Then after 9 months he started to jump on the hens and 2 weeks ago he did his first “cock a doodle do”. So we know he is very definitely a rooster.

What a handsome chap he is too. He is half Welsummer and half Black Rock.

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Last week him and the girls were dustbathing in the churned up earth in the sunshine.

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Since then we have had rain and yesterday more snow, so no chance of a dustbath today.  We need to move the hens enclosure as soon as possible as they have churned up all the ground and there is no more grass where they are.  Still they are back laying well.  Most days we have 8 to 10 eggs from 13 pullets and one day we had 11, so they can’t be too unhappy, but we will move them soon. We have lovely fresh eggs for our B&B guests.

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She just curled up her toes!!

We went down to clean the chickens out this afternoon.  We did all the normal stuff, changing their straw, sweeping out the sawdust and droppings, filling up their pellet feeder and changing their water.  Neil was in the hen enclosure doing the water, when he saw one hen step on another that was laying down.  The laying down hen did not move, which Neil thought was odd, so he went to investigate and found that one of our Speckledy’s had just curled up her toes and was lying in the sunshine dead!!

We had no warning of this.  She had not acted poorly in the preceding days, we had not seen any signs that anything was wrong and there she was laying on a patch of grass in the middle of their run, so unlikely that she died of fright!! We can only assume her heart gave out or something similar to suffer sudden hen death.

Neil took her poor body away to the woods for the fox disposal service. So now we are down to 13 hens, 12 laying birds and one foster mum, who doesn’t lay at the moment as she is still looking after the chicks which are 7 weeks old today.  Today we had 11 eggs, including one massive one (ouch!!), so not bad for 12 hens!!

If you want to try our eggs for breakfast visit us at www.lodgehousebandbsomerset.co.uk

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Moving the chooks

As our baby chicks are now 4 weeks old we wanted to move them and their mum, Mrs Speckledy out of the ark and into the old hen house with an enclosed run.  We had purchased a new hen house for the other chickens, so we put that in place, added an electric fence and on Friday night moved them out of one hen house and into another, so that in the morning when they were let out they would be in their new run.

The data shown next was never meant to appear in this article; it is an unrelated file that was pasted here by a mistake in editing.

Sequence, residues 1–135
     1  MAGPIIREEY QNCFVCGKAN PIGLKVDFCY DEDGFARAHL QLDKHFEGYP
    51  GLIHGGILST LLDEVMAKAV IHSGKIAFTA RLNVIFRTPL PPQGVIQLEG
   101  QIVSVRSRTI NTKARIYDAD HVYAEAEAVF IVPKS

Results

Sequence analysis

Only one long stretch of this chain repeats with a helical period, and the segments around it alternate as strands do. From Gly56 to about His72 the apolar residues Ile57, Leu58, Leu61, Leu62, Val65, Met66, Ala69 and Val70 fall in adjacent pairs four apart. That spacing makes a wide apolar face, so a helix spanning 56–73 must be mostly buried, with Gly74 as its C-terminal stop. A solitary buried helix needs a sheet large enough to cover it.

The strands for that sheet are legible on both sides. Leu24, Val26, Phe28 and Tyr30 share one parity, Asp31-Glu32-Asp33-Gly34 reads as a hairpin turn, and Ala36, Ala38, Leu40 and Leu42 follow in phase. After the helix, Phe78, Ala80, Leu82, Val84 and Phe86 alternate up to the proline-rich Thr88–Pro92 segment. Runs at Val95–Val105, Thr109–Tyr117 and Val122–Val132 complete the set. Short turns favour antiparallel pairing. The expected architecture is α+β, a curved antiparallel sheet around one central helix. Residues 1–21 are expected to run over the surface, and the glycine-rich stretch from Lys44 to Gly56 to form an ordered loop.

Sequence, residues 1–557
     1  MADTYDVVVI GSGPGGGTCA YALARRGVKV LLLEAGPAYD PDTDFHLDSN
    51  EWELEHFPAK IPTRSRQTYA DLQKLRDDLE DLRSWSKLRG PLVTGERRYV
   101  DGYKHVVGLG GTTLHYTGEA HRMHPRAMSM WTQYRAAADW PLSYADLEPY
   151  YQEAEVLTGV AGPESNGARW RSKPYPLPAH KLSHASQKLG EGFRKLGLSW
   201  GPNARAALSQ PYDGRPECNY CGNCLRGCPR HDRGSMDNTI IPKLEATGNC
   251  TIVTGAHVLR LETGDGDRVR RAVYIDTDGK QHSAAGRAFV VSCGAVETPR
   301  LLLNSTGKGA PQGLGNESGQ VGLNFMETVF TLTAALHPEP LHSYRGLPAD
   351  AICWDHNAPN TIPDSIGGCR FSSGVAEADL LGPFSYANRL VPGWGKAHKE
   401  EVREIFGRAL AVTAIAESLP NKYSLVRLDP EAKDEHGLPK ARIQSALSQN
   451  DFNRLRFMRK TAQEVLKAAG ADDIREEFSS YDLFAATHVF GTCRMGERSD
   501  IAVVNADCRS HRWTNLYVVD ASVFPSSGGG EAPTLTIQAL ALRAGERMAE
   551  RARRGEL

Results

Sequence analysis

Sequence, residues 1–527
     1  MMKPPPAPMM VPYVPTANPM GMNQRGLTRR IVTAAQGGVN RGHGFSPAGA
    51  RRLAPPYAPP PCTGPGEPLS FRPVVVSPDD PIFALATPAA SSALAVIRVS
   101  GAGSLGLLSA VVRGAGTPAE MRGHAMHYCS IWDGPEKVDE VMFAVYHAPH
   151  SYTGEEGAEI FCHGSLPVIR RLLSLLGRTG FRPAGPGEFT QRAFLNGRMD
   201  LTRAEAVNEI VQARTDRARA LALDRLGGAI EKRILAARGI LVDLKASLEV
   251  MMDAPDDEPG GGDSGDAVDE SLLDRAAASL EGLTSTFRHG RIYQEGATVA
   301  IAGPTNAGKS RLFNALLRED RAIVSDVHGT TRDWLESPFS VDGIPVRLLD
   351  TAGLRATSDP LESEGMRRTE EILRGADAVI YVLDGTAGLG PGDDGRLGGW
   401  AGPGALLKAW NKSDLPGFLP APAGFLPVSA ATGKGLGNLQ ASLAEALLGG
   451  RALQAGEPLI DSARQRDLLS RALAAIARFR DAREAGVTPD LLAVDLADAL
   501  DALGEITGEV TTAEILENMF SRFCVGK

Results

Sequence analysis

The new hen house

The next day we cleaned out the old hen house and made it ready for Mrs Speckledy and the babies, but catching them to move them proved slightly problematical.  Firstly Mrs Speckledy thought we were killing her she made such a racket, but as we moved her first, she obviously didn’t want to be separated from her brood.  Next it was the turn of the babies, but they are fast!!  One jumped out of the ark when we opened it and made a bid for freedom.  Good job we had taken the fishing net down with us, so we were able to catch it.

Neil with the little brown chook

The little ones squeaked like mad as they didn’t like being separated from Mum, so we moved them as quickly as possible.

me with a little black chick

It took a while for Mrs Speckledy and the baby chooks to come down the ramp and into the enclosed run, but they soon got the hang of it and there is a lot more space for them in that run.

The other hens were enjoying the long grass in the orchard as new turf to spuddle about in.

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They soon made themselves a spot to have a dust bath and they scattered all the bark that we had put round the base of the trees.

the light sussex in their new area

So all in all a successful move for all the chooks.  Our original hens laid 11 eggs (out of 13 hens) on the first day they were in their new hen house and area, so I don’t think they were too traumatised by the move.

visit us at www.lodgehousebandbsomerset.co.uk

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The chickens get a treat

The other day a friend gave us a whole pile of left over bread for the chickens.  The chickens go mad for bread, they grab a bit in their beak, run off to find a quiet spot to eat it and then run back for another bit.  When they hear our feet on the gravel they know we are coming and they wait by the fence expectantly.

The chickens waiting for us

Then as soon as I throw them the bread they tuck in straight away and all you can see is their bottoms in the air as they peck away. 

 

 

  

 After they have finished the bread they return to “spuddling” about in the run.  Spuddling being a local word for scratching about.  Some of them found some nice dry earth to have a dust bath.  Above is a picture of our remaining Cream Legbar hen, looking very handsome at the moment. She is the one that lays blue eggs.

A friend came to see us recently and was delighted to collect the eggs from the nest box, something of course that we take for granted as we do it every day. The girls are laying well at the moment, most days we get 12 eggs from 14 hens.

our friend collecting the eggs

So if you want to taste our lovely fresh eggs visit us at www.lodgehousebandbsomerset.co.uk

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Goodbye Mrs Cream Legbar hen

We have had to say Goodbye to one of our Cream Lebbar hens.  She was so poorly she couldn’t even stand up in the end.  I said to my husband, if this were a cat or a dog, you would take it to the vet and have it put down, so perhaps we should despatch this hen and put her out of  her misery.

It’s not a very nice task, but I didn’t have to do it.  Neil wrung it’s neck and put it out in the woods as fox take away.

A couple of weeks ago this hen was standing away from the flock and fluffing up her feathers.  She didn’t seem interested in food, and wouldn’t come running when we threw down bread or grain.  She became more immobile as the days progressed, and got that she wouldn’t go up the ramp into the hen house at night, and Neil was lifting her up and putting her in the nest box.  She wouldn’t come out again in the morning and again we were lifting her out. Until she was just so weak that it was cruel to keep her living any longer.

We spoke to a farmer friend of ours who suggested it might be a respiratory disorder but it is difficult to know without taking the hen to the vet and economically it just doesn’t add up to take a £10.00 hen to the vet and pay £40.00 for advice,  –  you could buy another 4 hens with that money.

So it was Goodbye Mrs Cream Legbar. At least the other 14 all seem healthy enough.  We had 14 eggs from 14 hens yesterday, so can’t complain at 100% production.  The hen that died was the only one that laid cream eggs, the rest are shades of brown, with the other cream legbar laying blue eggs.

So there we are – life in the country, where death is all part of the circle of life.

visit us at www.lodgehousebandbsomerset.co.uk